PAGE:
So here’s my challenge to you, reader: Take a step back and look at what you post and read on your various social media feeds. Consider the posts and tweets and shares that provoke you to anger the most. How much of it is actual issues-focused interaction…and how much of it is rage-bait?

Does the rage-bait actually make you a better citizen? A better neighbor? A better person? Or does it just make you angry?

And what might you do about that?

#FridayFive: Five Goals for 2019 (12/28/2018)

Happy Mid-Holiday Week, friends! (Or if you prefer, Happy Fourth Day of Christmas–hope you are enjoying your 4 French hens, preferably in a warm and delicious soup!)

Since we are fast approaching the start of a new year, everyone in the world is ready to post their resolutions for 2019, things they hope to accomplish in the next 12 months. Well, call me a bandwagoner if you like, but I also came up with a few goals for the next year that I hope to pursue (and would appreciate your encouragement for, if you don’t mind!). These aren’t quite set in stone, yet–they’re just some ideas I’m considering:

I want to kick the sugar habit. Y’all, I don’t drink, I don’t smoke, I don’t do drugs, but sugar and caffeine are my addictions of choice–and I’m not giving up caffeine anytime soon. I was doing pretty well on the ketogenic diet for about 5 months this year, but I used some life circumstances as an excuse to slide off the path. I quit working out, I started eating carbs again like I used to, and I’m probably staring at a gain of 15-20 pounds in the last 8 weeks. So I’m going to enjoy the holiday treats and sugary cereals for a few more days and then toss what’s left on Tuesday. It’s time to get serious again. I have a specific weight loss goal in mind for this year and next, and the clock is ticking. Cutting out the processed sugars and carby treats is a big, big part of that.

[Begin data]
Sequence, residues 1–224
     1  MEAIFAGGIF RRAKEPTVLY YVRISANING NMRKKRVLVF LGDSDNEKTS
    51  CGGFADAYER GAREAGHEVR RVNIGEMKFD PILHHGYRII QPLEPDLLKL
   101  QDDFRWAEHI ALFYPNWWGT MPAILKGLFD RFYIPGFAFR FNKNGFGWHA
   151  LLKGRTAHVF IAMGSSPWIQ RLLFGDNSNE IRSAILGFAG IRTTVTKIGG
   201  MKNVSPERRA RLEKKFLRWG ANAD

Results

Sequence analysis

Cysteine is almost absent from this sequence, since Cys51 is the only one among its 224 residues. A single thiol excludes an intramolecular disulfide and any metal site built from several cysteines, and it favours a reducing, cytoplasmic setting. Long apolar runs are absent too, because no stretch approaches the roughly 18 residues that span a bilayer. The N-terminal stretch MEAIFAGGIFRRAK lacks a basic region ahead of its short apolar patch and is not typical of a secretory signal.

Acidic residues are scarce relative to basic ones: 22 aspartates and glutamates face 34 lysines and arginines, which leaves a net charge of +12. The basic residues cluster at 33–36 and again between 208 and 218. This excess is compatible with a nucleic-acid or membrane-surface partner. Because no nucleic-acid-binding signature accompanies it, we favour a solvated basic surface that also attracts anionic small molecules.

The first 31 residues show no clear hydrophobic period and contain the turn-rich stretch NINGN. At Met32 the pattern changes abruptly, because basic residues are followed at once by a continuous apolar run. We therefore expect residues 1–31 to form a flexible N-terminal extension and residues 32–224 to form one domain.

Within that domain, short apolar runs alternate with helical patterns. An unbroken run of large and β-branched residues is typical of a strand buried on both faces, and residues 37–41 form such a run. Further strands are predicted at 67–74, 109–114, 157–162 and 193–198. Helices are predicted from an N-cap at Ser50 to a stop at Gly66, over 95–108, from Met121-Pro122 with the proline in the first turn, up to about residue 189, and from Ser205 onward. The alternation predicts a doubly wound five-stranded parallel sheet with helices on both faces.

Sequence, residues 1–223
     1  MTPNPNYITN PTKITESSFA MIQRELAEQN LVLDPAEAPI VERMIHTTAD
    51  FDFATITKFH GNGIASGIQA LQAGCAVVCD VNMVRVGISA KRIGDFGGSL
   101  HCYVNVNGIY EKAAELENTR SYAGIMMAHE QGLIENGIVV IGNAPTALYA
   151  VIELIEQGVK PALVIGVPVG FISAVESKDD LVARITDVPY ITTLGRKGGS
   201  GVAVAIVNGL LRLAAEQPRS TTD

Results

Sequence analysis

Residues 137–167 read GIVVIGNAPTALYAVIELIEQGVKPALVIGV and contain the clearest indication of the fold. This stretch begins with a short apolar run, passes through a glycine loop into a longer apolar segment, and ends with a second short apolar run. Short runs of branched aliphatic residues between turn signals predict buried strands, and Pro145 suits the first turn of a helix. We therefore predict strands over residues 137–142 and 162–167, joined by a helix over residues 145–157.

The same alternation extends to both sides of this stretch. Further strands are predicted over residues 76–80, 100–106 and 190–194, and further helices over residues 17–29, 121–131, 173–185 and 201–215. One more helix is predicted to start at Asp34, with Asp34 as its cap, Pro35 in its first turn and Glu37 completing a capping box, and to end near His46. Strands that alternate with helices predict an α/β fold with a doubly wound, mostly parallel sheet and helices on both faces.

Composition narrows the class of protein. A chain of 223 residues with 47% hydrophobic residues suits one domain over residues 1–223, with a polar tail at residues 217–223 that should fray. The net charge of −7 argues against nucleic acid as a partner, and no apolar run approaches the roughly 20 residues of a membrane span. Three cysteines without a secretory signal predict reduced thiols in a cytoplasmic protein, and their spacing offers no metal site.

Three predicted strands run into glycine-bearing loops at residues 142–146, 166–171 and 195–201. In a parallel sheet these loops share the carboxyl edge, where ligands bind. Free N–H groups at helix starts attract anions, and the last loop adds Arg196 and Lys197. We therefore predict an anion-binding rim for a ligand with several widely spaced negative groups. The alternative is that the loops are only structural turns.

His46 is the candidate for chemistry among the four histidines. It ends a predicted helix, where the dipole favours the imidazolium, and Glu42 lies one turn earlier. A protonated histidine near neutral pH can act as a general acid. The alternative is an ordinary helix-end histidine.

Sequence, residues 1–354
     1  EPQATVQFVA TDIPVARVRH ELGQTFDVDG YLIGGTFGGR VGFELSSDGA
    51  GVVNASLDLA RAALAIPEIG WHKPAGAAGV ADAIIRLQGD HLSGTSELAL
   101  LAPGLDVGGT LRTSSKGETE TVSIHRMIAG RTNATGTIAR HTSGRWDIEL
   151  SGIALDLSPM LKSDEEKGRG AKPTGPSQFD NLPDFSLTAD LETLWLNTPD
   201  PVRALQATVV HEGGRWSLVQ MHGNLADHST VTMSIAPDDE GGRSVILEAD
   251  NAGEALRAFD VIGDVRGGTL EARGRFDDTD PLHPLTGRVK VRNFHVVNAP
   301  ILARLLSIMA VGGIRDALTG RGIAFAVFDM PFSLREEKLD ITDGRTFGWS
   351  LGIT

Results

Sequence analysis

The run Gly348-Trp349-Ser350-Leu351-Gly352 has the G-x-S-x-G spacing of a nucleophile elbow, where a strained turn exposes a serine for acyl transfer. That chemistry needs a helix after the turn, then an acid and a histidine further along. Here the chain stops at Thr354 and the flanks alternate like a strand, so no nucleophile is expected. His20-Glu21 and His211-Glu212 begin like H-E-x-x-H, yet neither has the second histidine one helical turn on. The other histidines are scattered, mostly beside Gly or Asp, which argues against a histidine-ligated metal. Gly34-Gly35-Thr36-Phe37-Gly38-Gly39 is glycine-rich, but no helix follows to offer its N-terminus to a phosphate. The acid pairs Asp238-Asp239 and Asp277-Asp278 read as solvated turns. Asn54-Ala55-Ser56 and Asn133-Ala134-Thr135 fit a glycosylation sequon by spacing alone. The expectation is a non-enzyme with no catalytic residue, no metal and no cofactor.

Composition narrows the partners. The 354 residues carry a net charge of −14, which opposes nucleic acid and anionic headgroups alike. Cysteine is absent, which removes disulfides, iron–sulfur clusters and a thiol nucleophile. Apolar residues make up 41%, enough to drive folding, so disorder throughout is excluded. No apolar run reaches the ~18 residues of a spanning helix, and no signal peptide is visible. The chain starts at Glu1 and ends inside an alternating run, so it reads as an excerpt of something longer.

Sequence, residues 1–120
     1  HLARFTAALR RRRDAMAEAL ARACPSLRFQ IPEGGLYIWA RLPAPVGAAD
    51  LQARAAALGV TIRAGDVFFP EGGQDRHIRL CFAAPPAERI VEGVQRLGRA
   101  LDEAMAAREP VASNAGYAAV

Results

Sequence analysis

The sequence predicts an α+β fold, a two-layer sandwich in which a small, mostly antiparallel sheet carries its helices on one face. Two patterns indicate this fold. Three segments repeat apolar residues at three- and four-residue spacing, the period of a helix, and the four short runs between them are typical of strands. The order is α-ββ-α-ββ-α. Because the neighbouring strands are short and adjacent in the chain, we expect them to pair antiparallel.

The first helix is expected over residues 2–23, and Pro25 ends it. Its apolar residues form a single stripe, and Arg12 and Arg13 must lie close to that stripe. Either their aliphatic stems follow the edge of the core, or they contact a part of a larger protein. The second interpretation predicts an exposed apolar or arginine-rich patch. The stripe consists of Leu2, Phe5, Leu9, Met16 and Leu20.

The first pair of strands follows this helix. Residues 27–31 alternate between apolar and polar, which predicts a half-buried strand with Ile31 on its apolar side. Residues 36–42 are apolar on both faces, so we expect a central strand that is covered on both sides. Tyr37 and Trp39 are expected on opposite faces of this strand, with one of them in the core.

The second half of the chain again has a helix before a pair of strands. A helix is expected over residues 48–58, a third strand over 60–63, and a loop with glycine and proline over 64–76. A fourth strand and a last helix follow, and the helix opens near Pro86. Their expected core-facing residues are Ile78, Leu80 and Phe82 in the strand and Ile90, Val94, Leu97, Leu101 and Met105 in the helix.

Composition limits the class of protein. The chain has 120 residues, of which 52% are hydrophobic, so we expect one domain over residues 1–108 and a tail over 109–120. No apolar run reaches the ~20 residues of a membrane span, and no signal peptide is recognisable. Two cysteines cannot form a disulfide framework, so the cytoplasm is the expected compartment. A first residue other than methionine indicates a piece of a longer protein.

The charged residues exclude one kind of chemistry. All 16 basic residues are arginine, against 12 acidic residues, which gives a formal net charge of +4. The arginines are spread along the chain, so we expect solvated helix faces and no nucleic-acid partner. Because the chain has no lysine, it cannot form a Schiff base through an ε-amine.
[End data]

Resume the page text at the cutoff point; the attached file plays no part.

I want to pray every day. Last year was the first year that I read through the Bible between January and December, and while it would be neat to do that again, I think a better goal for me (besides daily Bible intake) is daily prayer. This is an area of my walk with Jesus that really needs to grow, especially considering the new ministry opportunities I may be stepping into next month. I know there is no tip or trick other than just doing it. I’ve downloaded the apps, I’ve read the books, but unless I’m willing to do it, really do it, nothing will change. So I’m praying for the desire to pray more.

I want to use Twitter to benefit others. Some of you may remember that many of us recently mourned the passing of Donna Guy, the “Kindness Ninja.” Her example of using social media to be a blessing to others has really stayed with me, and I want to make an effort to use my social feeds, specifically Twitter, to be an encouragement. I’m still trying to figure out what that will look like, but I want to make sure that anyone reading through my tweets comes away wanting to know Jesus better, not just wanting to win giveaways or read my online content.

I want to write a lot more than I did this year. I was able to get into a bit of a blogging groove toward the end of this year, so I’d like to keep that going, but beyond that, I want to get back to my first love of writing fiction. Part of the reason I’m kicking around this #100Stories idea is that I want to explore the short-story format and work on some short material that I can offer to you (via a mailing list or something like that) and/or compile and publish as an e-book. In any case, I’m looking forward to making writing a daily practice instead of a 2-3-times-a-week exercise.